The author of perhaps the most famous self-help book ever written, The Power of Positive Thinking, was Norman Vincent Peale, a bigoted evangelical Protestant preacher who, when confronted with the imminent election of John F. Kennedy (a Roman Catholic) in 1960, declared, "Our culture is at stake," and openly worried that "our right to free speech may disappear." Maybe it's just me, but holy crap, that kind of thinking doesn't seem positive. Despite the obvious fact that he was a pious and hypocritical old fartbox, in 1984 NVP was awarded America's highest civilian honor, the Presidential Medal of Freedom, by, you guessed it, Ronald Reagan. I can only surmise that this honor was for another of his gifts to literature from 1957, the magnificently titled Stay Alive All Your Life. The stupid son of a bitch must have been Irish.
It's been several years since my last book was published, and almost three since I quit drinking, narcotics, and believing I was indestructible. I've also turned fifty and become addicted to road biking, which, in an irony I didn't find at all comforting, nearly killed me a lot faster than the alcohol and painkillers. What's more, it really hurt. The only way I would have found anything remotely amusing about the experience was if the truck that ran over me had been hauling alcohol and painkillers. Now, I don't care who you are, that would have been funny.
I don't expect this book will help anybody a whole lot, but then again, according to mental health professionals (then and now), neither did Positive Norman's. But you never know. Laughing, or even smiling, can be at least as effective as expensive therapy in banishing negativity from a person's thoughts. I wonder how many people are thinking positively when they are swallowing all their sleeping pills, attaching their larynxes to exhaust pipes, or teetering on some pigeon-stained ledge. I suppose they might be positive that they're going to die, but I'm not sure that's what Norman was trying to get across.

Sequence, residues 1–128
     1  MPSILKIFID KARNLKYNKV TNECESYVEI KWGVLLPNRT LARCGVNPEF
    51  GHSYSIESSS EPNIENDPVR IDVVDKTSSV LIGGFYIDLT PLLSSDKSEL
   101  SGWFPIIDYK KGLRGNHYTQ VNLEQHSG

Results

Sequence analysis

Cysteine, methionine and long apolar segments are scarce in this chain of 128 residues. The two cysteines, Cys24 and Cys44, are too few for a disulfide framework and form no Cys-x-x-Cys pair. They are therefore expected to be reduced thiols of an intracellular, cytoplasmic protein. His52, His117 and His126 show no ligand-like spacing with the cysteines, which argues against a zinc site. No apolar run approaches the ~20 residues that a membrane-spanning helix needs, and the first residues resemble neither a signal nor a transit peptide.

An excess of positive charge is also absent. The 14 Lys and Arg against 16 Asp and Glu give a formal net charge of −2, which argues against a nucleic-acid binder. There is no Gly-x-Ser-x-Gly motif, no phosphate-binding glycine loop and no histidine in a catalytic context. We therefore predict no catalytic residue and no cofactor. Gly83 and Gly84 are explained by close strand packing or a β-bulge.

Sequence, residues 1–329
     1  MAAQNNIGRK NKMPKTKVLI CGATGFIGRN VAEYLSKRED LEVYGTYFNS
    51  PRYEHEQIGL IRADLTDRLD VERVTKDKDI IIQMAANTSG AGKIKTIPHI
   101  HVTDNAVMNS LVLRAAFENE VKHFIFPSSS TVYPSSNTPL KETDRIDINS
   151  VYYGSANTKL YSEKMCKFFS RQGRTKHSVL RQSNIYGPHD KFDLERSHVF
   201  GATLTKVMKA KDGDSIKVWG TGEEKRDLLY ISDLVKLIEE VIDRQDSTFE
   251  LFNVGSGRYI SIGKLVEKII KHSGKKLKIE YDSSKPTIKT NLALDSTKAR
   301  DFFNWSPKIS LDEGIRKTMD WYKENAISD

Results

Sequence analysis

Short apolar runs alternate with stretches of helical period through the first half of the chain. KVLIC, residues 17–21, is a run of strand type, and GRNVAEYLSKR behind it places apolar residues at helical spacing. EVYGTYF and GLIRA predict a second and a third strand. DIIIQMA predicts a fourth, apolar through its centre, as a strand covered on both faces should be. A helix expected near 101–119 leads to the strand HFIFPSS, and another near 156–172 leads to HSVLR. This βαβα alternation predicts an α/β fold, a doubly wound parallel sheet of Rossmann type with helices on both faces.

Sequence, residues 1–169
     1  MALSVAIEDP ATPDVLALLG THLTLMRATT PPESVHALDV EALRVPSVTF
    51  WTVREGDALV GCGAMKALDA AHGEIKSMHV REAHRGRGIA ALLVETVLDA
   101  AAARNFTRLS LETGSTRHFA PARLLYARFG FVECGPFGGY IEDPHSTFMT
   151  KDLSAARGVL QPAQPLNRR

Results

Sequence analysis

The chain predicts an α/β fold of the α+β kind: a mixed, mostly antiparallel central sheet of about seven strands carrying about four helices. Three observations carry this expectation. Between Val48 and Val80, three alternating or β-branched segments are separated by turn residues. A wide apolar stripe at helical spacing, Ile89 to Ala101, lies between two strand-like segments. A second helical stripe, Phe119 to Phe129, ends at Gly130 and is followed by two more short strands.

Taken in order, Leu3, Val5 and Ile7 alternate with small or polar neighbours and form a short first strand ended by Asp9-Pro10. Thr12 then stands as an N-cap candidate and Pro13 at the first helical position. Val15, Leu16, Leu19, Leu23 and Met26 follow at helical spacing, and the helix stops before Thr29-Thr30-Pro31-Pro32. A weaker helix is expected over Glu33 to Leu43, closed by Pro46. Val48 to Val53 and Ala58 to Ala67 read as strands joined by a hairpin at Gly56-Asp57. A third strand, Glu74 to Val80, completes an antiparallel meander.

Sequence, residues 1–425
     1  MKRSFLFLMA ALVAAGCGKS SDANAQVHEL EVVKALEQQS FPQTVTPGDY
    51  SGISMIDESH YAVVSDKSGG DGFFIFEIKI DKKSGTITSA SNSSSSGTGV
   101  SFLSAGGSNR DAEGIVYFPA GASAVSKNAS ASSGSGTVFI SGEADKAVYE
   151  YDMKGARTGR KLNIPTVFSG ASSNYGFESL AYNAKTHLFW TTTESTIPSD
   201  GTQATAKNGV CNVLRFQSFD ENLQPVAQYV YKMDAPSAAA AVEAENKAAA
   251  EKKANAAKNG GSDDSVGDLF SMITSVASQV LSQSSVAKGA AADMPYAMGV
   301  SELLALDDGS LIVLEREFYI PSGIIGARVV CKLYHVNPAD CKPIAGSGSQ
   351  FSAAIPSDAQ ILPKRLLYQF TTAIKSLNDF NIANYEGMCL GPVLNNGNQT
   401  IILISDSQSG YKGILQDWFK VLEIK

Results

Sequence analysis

At the depth of my bout with addiction and depression, I too considered grabbing my own hat and assuming room temperature more than once, but there was always something or somebody who did something that made the part of me that was still alive giggle a little and take a step back up from the bottom of my amygdala, which is the landing that sits in the middle of the emotional stairwell of our brains. (I know that because I had a lot of expensive therapy.) Sometimes it was one of my children, or Anita, my beautiful and long-suffering wife, but more often than not, it was one of my dogs. All of my life, I've looked at dogs and imagined what they were thinking. Why do they look at me, embarrassed, when they are snapping one off on my lawn? Willard, my elderly Schnauzenweiner cross, will stop in midsqueeze and wait for me to lose interest before he'll continue. In one dog-shit psychology experiment I counted five or six rest rings in his offering, which coincided exactly with my glances in his direction. What the hell does he want—for me to look the other way and whistle, like there's nothing to see here? There most certainly is: Apparently, I can sculpt dog turds using only my mind. I don't know about you, but I bet Sigmund Freud would have been deeply impressed.
So there is less about golf in this book, and more about scat and other similar material, like life in general, which is just other people's scat when you think about it, which you positively shouldn't. That's the whole point—sorry, Norm—positively don't think. Just get on with whatever it is you're doing and pay attention to the present moment. If you can forget the past and disregard the future, you're right here right now, which is lucky, because right here, right now, is all you ever have. It's that simple.